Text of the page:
Govt moots bill to keep eye on intelligence wings
For the first time since Independecne, the parliament will witness a bill that attempts to regulate the way intelligence agencies of the country function.delhi Updated: Mar 28, 2011 00:02 IST
For the first time since Independecne, the parliament will witness a bill that attempts to regulate the way intelligence agencies of the country function. The Intelligence Services (powers and regulation) Bill will be introduced in the parliament as a private member's bill by Congress MP Manish Tewari. The bill has already been circulated but could not be introduced as the Lok Sabha was adjourned sine die on Friday. It is likely to be introduced in the next session.
It's an effort to set right a constitutional tangle that has always raised questions about the legal framework or the lack of it for the functioning of country's intelligence agencies. The 7th schedule of the Constitution provides for the establishment of a ‘Central Intelligence Bureau' by an act of the parliament. But that never happened.
Intelligence Bureau (IB) was created during the British Raj. The Research and Analysis Wing (R&AW) and the National Technical Research Organisation (NTRO) were established through an executive order of the government. In most of the developed democracies around the world, the intelligence agencies function under a parliamentary oversight to check their misuse apart from providing a legal framework for their working. The legal framework protects the intelligence officials as it clearly defines go or no-go areas for them.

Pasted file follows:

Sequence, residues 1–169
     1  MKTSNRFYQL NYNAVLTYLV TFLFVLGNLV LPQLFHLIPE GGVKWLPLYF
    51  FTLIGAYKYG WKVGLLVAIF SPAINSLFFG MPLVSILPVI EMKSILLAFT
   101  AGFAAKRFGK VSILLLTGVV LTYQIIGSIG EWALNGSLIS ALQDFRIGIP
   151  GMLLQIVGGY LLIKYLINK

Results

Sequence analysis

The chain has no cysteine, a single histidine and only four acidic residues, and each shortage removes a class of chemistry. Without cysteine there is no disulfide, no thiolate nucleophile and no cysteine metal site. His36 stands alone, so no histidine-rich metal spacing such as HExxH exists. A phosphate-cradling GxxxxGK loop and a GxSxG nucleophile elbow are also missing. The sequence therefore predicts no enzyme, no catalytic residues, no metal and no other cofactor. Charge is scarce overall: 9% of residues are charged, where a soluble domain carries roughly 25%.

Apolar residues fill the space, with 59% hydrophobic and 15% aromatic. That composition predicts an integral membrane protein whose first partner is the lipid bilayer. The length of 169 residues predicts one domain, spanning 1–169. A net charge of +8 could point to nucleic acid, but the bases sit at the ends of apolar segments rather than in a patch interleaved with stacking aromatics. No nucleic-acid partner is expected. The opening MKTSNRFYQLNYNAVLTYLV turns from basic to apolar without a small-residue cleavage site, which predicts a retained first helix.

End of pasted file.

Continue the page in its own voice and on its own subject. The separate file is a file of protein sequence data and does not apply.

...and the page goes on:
There have been persistent allegations of misuse of the IB resources for political intelligence gathering. The sparks of factionalism were witnessed in the recent change of guard in the R&AW. The private member's bill tries to provide mechanism to deal with all these issues.
The bill intends to bring the IB, R&AW and NTRO under the parliamentary oversight and says that these agencies will not take any action that furthers the interests of any political party. Recently there was huge controversy when allegation were leveled that NTRO's listening devices were recording conversations of political leaders.
The bill states that the chiefs of these intelligence organisations will not be eligible for reappointment to any post except as an advisor to the government.